Where a gluten-related disorder is suspected, the goal is to offer a complete and balanced diet formulated with gluten-free ingredients that is appropriate for the dog’s life stage, alleviates clinical signs, and provides an adequate calorie intake to encourage or maintain an ideal body condition. In the USA the Food & Drug Administration (FDA) dictate the requirements for “gluten-free” labeling of foods, allowing humans with gluten-related disorders to maintain a healthy diet by careful product selection 15. Despite the convenience, it is noteworthy that the intentional exclusion of certain dietary components can sometimes result in nutritional deficiencies, including dietary fiber and zinc, and professional guidance is recommended to ensure a complete and balanced diet 16. In veterinary medicine, nutritional inadequacy is also reported in home-cooked diet plans formulated by non-professionals 17. Although a complete and balanced customized home-cooked diet excluding gluten can be formulated by a board-certified veterinary nutritionist, feeding such a diet is not always feasible, given the work and resources involved in its preparation 18. Fortunately, there are now plenty of commercial dog foods formulated to meet the nutritional needs of different life stages, lifestyles, and disease processes, and owners can explore the most appropriate diet for their dog under veterinary guidance (Figure 5). Any gluten-free diet manufactured by a reputable company can be considered, and a WSAVA checklist also aids evaluation of pet foods and pet food companies 19.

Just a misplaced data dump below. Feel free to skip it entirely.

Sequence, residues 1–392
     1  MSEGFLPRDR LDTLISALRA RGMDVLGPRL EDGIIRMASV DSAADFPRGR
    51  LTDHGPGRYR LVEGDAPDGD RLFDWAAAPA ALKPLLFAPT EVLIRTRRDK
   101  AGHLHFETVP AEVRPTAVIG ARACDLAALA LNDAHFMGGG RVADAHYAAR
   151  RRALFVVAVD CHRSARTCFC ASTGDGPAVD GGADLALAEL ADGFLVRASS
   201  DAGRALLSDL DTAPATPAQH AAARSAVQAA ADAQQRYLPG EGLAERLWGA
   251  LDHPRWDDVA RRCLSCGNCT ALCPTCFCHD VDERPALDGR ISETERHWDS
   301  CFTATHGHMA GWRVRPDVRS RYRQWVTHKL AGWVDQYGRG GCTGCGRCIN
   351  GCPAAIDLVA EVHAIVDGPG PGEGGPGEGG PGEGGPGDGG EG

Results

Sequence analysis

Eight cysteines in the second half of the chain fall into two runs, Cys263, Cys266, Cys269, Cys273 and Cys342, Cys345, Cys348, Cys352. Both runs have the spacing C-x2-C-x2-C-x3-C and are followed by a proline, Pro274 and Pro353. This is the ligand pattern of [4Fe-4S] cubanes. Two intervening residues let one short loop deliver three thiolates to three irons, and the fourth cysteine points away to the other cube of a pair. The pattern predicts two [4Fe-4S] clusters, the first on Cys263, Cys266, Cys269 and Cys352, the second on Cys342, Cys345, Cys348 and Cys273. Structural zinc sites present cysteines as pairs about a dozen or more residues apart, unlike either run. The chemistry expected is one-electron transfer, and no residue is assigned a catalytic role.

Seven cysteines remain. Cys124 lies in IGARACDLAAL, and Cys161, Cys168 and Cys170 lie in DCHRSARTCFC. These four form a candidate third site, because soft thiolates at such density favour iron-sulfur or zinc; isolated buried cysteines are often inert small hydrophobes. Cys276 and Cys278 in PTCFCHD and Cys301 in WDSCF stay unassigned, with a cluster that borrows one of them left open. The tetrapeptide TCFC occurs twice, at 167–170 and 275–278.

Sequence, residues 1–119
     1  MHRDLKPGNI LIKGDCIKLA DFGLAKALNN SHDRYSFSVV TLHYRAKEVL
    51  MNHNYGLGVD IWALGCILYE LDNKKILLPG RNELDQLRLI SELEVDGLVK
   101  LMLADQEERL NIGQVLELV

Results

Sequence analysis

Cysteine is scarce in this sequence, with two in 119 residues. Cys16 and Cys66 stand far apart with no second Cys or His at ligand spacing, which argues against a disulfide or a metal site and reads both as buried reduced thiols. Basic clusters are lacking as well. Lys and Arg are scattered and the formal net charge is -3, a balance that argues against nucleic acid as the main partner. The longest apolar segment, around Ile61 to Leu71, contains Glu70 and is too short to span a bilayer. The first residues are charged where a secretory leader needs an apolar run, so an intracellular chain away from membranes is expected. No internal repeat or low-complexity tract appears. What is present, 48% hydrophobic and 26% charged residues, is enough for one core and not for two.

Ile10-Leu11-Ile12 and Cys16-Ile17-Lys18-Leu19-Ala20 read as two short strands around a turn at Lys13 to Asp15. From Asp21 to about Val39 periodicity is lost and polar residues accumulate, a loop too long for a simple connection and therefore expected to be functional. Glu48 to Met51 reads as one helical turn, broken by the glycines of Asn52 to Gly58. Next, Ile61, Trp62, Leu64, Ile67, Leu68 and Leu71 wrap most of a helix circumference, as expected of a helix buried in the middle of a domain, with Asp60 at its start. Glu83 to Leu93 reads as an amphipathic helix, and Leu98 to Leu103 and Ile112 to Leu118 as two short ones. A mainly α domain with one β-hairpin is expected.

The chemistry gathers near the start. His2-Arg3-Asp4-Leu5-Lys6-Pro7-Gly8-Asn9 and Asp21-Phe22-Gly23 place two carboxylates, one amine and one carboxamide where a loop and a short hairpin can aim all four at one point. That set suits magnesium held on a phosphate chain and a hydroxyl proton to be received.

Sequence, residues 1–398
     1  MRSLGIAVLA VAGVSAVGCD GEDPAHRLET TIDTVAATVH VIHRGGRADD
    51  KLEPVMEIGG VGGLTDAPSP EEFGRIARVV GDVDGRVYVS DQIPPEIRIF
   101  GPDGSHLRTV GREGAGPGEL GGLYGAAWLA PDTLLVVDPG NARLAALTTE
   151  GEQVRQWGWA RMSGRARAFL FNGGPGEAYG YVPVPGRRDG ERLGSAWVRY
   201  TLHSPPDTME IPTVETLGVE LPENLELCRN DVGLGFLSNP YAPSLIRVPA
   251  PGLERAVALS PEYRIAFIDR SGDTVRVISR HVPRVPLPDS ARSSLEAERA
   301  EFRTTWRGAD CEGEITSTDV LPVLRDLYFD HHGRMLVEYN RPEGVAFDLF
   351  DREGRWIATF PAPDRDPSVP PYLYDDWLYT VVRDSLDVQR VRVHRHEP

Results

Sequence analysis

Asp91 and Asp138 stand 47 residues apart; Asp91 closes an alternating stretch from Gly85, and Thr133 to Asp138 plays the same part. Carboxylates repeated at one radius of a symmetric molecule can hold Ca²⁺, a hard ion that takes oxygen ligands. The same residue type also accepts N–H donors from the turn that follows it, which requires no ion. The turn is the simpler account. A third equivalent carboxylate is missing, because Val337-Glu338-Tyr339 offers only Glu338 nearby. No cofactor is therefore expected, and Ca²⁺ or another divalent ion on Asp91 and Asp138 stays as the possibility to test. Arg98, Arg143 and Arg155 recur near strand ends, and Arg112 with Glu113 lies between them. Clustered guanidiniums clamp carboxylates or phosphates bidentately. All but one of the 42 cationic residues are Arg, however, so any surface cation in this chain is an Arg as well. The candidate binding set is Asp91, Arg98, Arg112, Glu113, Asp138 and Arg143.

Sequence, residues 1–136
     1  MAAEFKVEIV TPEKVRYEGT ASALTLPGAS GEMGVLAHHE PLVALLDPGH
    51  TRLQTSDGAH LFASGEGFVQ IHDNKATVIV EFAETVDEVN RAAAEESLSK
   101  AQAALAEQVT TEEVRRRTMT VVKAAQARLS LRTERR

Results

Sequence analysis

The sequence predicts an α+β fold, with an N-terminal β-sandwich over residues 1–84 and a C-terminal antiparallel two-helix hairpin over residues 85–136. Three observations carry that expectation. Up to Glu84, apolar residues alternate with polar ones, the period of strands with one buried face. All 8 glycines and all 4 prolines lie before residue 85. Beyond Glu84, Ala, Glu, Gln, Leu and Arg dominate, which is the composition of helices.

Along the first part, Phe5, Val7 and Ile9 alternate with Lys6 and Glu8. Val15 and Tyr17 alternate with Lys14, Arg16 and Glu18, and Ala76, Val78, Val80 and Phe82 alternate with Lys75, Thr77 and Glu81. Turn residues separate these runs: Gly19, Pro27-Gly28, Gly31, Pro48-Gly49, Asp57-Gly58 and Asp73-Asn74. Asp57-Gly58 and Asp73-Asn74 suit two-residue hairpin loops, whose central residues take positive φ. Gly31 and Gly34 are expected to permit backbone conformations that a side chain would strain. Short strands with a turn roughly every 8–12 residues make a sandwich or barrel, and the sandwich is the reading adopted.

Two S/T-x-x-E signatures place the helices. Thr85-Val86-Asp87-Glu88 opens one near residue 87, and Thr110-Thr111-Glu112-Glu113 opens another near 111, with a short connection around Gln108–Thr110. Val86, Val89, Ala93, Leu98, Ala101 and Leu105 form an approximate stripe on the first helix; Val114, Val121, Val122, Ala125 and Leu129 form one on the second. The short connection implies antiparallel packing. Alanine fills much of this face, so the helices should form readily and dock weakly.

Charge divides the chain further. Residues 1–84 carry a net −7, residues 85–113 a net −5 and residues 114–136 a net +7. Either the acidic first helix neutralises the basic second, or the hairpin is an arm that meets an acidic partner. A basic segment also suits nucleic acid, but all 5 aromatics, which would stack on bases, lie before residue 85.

As readily available regulations regarding gluten-free claims have not been established by the relevant body – e.g., the Association of American Feed Control Officials (AAFCO) – determining whether a commercial pet food product is gluten-free requires a thorough assessment of the ingredient list on the package, which is sometimes an educated guess because quality control of pet food companies varies 20. One study reported that some over-the-counter “limited-ingredient” commercial diets contained animal proteins not declared on the packaging label 21. Although limitations in this study exist, including batch variation and false positivity in such sensitive tests, these findings implied possible cross-contamination during the manufacturing process, which can make over-the-counter limited-ingredient commercial diets less than ideal when an elimination diet trial is needed. In the author’s opinion, a veterinary therapeutic diet that is formulated with a limited number of gluten-free ingredients and is produced by an experienced manufacturer with excellent quality control serves as a good choice when performing such a trial. Potential options include many of the diets formulated to treat adverse food reactions, or hypoallergenic diets designed for dermatology-related food allergies.